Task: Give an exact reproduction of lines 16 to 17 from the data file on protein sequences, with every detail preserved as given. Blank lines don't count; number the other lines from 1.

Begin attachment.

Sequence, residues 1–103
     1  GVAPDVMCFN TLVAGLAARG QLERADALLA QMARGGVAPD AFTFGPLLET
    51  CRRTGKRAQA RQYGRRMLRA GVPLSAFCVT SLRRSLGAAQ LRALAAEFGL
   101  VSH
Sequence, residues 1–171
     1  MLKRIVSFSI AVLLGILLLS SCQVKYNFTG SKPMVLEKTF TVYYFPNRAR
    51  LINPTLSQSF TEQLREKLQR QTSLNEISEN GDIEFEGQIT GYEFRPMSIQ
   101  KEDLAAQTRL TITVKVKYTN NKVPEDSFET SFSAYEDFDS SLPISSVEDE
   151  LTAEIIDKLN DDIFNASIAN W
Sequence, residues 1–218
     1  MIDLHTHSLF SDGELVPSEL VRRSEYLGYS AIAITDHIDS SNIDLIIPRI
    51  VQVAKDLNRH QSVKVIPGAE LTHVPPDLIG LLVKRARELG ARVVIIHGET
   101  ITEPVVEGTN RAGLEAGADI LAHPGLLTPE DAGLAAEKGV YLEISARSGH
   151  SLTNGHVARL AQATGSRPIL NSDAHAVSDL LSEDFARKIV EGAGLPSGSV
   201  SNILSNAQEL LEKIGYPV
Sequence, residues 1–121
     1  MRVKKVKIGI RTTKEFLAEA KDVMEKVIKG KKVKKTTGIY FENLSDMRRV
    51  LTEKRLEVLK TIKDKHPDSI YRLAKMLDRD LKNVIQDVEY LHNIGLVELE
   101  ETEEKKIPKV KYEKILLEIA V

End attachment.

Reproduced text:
Sequence, residues 1–121
     1  MRVKKVKIGI RTTKEFLAEA KDVMEKVIKG KKVKKTTGIY FENLSDMRRV